An expert fears the end of an interest-free IRD loan period could be ''another nail in their coffin'' for businesses owing millions and struggling with the pandemic.
Inland Revenue's Small Business Cashflow Scheme was introduced in May 2020 to help small to medium businesses struggling with revenue during the Covid-19 pandemic.
The scheme provided a two-year interest-free loan of $10,000 initially plus $1800 per full-time employee for up to 50 employees, meaning the first loan applicants will soon accrue 3 per cent interest on unpaid loans.
In February, the loan amount increased to $20,000.
On the first day of the scheme, Tauranga businesses made 1000 applications. To date, there have been 7193 applications and 6407 loans approved with a value of almost $101 million.
Information released to the Bay of Plenty Times under the Official Information Act revealed Tauranga businesses still owe $88.5m under the scheme.
To date, 510 businesses have fully repaid about $8.35m while 798 have made at least one payment – a total of $3.9m. Only 10 per cent of loans granted in the first month have been paid off.
Bay of Plenty-based Rodewald Consulting Limited director Tom Rodewald said the money loaned through the scheme was relatively minor for businesses, and the interest rate quite low.
He said the loan itself would not send a lot of businesses under.
"But combined with other factors, it's just another nail in their coffin."
He said things in the insolvency field were "pretty slow".
"That's a sign the economy is still awash with money."
Other signs, such as tax debt, increased interest rates and loan or interest repayments, including money borrowed from the Government, combined with inflation, wage pressure and staffing shortages, were pointing to problems later in the year, he said.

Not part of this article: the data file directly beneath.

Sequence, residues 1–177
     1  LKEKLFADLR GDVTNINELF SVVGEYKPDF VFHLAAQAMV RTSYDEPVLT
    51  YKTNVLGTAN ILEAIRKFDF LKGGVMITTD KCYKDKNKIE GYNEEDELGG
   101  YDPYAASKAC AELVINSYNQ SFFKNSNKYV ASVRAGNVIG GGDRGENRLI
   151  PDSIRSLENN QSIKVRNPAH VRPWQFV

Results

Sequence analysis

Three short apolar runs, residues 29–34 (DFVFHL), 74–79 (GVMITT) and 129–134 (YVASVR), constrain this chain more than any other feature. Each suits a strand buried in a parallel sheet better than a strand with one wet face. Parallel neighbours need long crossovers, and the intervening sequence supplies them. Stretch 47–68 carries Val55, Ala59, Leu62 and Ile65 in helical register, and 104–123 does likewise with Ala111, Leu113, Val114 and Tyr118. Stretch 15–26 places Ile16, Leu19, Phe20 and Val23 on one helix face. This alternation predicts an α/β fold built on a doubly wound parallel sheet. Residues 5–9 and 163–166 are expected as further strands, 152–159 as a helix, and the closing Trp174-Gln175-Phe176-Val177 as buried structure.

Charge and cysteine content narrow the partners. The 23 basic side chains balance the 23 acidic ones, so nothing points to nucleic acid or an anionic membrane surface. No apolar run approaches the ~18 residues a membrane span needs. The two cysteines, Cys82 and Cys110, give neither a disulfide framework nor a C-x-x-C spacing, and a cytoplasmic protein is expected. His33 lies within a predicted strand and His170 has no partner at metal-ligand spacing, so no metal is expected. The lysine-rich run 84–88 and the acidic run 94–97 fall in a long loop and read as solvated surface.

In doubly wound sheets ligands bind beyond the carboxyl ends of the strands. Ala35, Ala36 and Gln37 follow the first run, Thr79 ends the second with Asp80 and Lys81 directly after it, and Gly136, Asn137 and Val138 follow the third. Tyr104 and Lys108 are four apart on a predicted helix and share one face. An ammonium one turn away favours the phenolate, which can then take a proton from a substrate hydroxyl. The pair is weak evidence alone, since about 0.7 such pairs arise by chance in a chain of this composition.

An increased number of insolvencies was forecast for later this year, he said.
Hospitality New Zealand Bay of Plenty branch president Reg Hennessy said those in the industry were very aware of the date for interest to "kick in".
He said some businesses would not be able to make repayments due to the impact of Covid-19 restrictions on the industry.
"Hospitality has been under two years of continuous stress and worry with no certainty of a plan to recover.
"Even when we return to a green light I'm sure the effects of this time will play out with some business owners for years to come.
Applications for the loan, administered by Inland Revenue, are open until December 31, 2023.
Inland Revenue small and medium enterprises segment management lead Sharyn Rea said the agency was aware of customer concerns about repaying their loans.
However, she was unable to say how many customers had raised concerns and said the initiatives were implemented in a high-trust manner.
"I encourage those customers to contact us to discuss the repayment options available."
Small business support service Upshot NZ Ltd co-owner Jill Fryer said some of those who received a loan would have forgotten when the interest was due to be applied.
"Quite frankly, a lot of them have no idea."
They were not trying to hide from it, she said, but had just forgotten and would be reminded when they got an Inland Revenue letter.
"It will impact on them pretty seriously in that a lot are not going to have the money there to repay the loan."
Businesses had been stretched throughout the pandemic and the next six to 12 months would see more businesses "crashing".
"As soon as people get the notices they need to get hold of their tax agent. If they can't afford to pay it, work out a repayment plan and keep to it," she said.
Business owners' attention had been on keeping the business afloat so the loan was "not on their radar," she said.
She said it was a good thing the interest would only apply to the remaining balance.
Tauranga Business Chamber chief executive Matt Cowley said the organisation had heard Inland Revenue was helpful to businesses facing major issues and needing financing options, particularly for their provisional tax.
"Many businesses who have taken up the Government's cashflow loan scheme would have hoped that the country's high vaccination levels would mean we would be operating at normal."
Businesses that took up the loan were most impacted by Covid-19 restrictions, he said.
"Most businesses would prefer to be operating normally so they can pay back the loan, as opposed to the Government extending the interest-free period and continuing with restrictions."
Business debt hibernation helped companies and other entities affected by Covid-19 manage their existing debts until they can start trading normally again. For example, businesses may agree with creditors to delay repaying some of their debt.
Under the scheme, there were 127 liquidations from March 1, 2020, to December 31, 2021, in the Bay of Plenty.